Go back

Researchers still waiting for ‘trans-Tasman bubble’


Partnerships between Australia and New Zealand are struggling thanks to border closures

Australian researchers working with partners in New Zealand are still awaiting a “travel bubble” with New Zealand, nearly 12 months after borders closed.

New Zealand’s prime minister Jacinda Ardern has said she hopes a bubble allowing two-way travel will be established by March, following approval from New Zealand’s cabinet last month.

However, in December, the mid-year economic update stated that Australia’s border restrictions were likely to remain in place for another year. When Australia briefly reinstated quarantine for incoming New Zealanders in January, Ardern said such actions could be a threat to establishing the bubble.

Over the past 20 years, about 1 in 20 Australian Research Council-funded projects that have involved international collaborations have featured New Zealand institutions. The New Zealand government estimates that about a third of New Zealand researchers have formal links with Australian counterparts.

Australia and New Zealand have numerous research partnerships, such as the 2019 space partnership agreed between the Australian Space Agency and the New Zealand Ministry of Business, Innovation and Employment, and since 2017 the two countries have had a cooperation agreement in place on science, research and innovation.

James Metson, deputy vice-chancellor for research at the University of Auckland in New Zealand, told Research Professional News that “the impact of the border restrictions has been considerable as in many areas Australian institutions tend to be our largest international collaborators in research”.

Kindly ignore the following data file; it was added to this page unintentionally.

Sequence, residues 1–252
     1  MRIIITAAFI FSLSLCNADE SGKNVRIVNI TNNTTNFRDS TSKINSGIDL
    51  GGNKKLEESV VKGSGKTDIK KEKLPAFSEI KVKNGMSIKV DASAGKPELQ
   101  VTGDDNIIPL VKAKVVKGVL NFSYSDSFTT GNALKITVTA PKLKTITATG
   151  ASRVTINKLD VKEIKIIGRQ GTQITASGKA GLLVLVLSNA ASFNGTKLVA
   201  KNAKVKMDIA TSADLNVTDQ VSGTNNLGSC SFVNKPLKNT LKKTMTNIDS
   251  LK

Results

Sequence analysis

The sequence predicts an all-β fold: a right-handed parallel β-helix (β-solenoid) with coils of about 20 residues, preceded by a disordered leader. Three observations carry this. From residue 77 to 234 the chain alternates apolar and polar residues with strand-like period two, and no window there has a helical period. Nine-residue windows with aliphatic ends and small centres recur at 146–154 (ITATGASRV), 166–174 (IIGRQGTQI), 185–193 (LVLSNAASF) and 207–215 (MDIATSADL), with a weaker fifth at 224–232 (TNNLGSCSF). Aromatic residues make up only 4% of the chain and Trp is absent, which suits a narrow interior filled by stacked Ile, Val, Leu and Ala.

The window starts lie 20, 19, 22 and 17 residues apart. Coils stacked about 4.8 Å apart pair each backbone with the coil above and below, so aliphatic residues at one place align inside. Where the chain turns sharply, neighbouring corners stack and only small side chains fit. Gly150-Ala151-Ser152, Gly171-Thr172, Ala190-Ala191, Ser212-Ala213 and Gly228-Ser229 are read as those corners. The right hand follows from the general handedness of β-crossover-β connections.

“We share research infrastructure in areas such as the NZ investment in the Australian Synchrotron, Australian Nuclear Science and Technology Organisation neutron facilities, the Australian National University’s space testing facilities, cryo-TEM [a specialised electron microscope] and some research computing networks. We also collaborate closely in areas such as medical and health sciences, vaccination strategies and programmes, clinical trials, Indigenous research, climate science and research in the Pacific.”

A spokesperson for Monash University in Australia said that travel bans had in general “had a severe impact on international postgraduate students wishing to undertake study at Australian universities, as well as a severe impact on knowledge creation and exchange with international partners where joint awards or collaborative programmes exist”.

Among Monash’s New Zealand partnerships is the Australian and New Zealand intensive care research centre, which helps develop clinical trials and training programmes, and Monash’s sustainable development institute is participating in New Zealand-led projects in the Pacific region.

The spokesperson said: “We’ve had some limited success in securing travel ban exemptions for students who demonstrate a clear and compelling case that their work is advancing Australia’s national interest.” They did not provide further details on this.

New Zealand is a major investor in the Australian Synchrotron at Monash University and its researchers use the facility on an equal footing with Australians. However, since the pandemic, New Zealand’s use of the facility has declined, according to Bryony James, deputy vice-chancellor for research at the University of Waikato. “The New Zealand Synchrotron Group estimates that 30 to 40 per cent of beam time that would usually be used by New Zealand researchers had to be cancelled in 2020,” James said.

She added that Waikato’s researchers were using workarounds such as video links for their work with Australian counterparts, but that such methods were not sustainable in the long term.

Universities Australia was unable to offer comment on the issue.